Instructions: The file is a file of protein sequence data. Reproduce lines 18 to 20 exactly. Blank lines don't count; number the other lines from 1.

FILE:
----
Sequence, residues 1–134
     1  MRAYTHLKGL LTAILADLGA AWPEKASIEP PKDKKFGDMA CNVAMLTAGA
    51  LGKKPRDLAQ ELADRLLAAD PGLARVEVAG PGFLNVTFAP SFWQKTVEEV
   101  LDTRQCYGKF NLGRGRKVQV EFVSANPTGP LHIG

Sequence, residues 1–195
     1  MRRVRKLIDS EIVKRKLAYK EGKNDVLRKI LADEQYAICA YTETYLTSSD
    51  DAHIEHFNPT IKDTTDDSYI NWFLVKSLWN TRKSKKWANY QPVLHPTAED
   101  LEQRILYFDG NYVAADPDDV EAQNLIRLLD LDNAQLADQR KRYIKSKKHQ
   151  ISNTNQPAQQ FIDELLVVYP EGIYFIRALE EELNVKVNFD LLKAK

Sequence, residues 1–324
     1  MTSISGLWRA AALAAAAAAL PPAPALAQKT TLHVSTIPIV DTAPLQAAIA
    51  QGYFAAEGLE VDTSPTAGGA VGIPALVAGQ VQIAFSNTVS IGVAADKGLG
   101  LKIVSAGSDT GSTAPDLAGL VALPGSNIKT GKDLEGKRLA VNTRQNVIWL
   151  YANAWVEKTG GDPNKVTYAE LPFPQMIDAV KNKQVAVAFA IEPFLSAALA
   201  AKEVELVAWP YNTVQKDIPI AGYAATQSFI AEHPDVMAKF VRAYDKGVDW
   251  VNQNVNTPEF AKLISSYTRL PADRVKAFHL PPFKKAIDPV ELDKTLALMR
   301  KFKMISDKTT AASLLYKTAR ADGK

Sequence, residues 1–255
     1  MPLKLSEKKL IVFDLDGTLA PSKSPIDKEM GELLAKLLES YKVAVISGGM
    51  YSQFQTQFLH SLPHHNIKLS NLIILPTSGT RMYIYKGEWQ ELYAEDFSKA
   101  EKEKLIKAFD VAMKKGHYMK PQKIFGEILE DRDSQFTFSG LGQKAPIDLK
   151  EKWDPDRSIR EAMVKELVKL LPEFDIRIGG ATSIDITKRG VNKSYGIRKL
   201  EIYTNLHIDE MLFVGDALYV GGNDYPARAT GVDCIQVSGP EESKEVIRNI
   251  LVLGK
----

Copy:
Sequence, residues 1–255
     1  MPLKLSEKKL IVFDLDGTLA PSKSPIDKEM GELLAKLLES YKVAVISGGM
    51  YSQFQTQFLH SLPHHNIKLS NLIILPTSGT RMYIYKGEWQ ELYAEDFSKA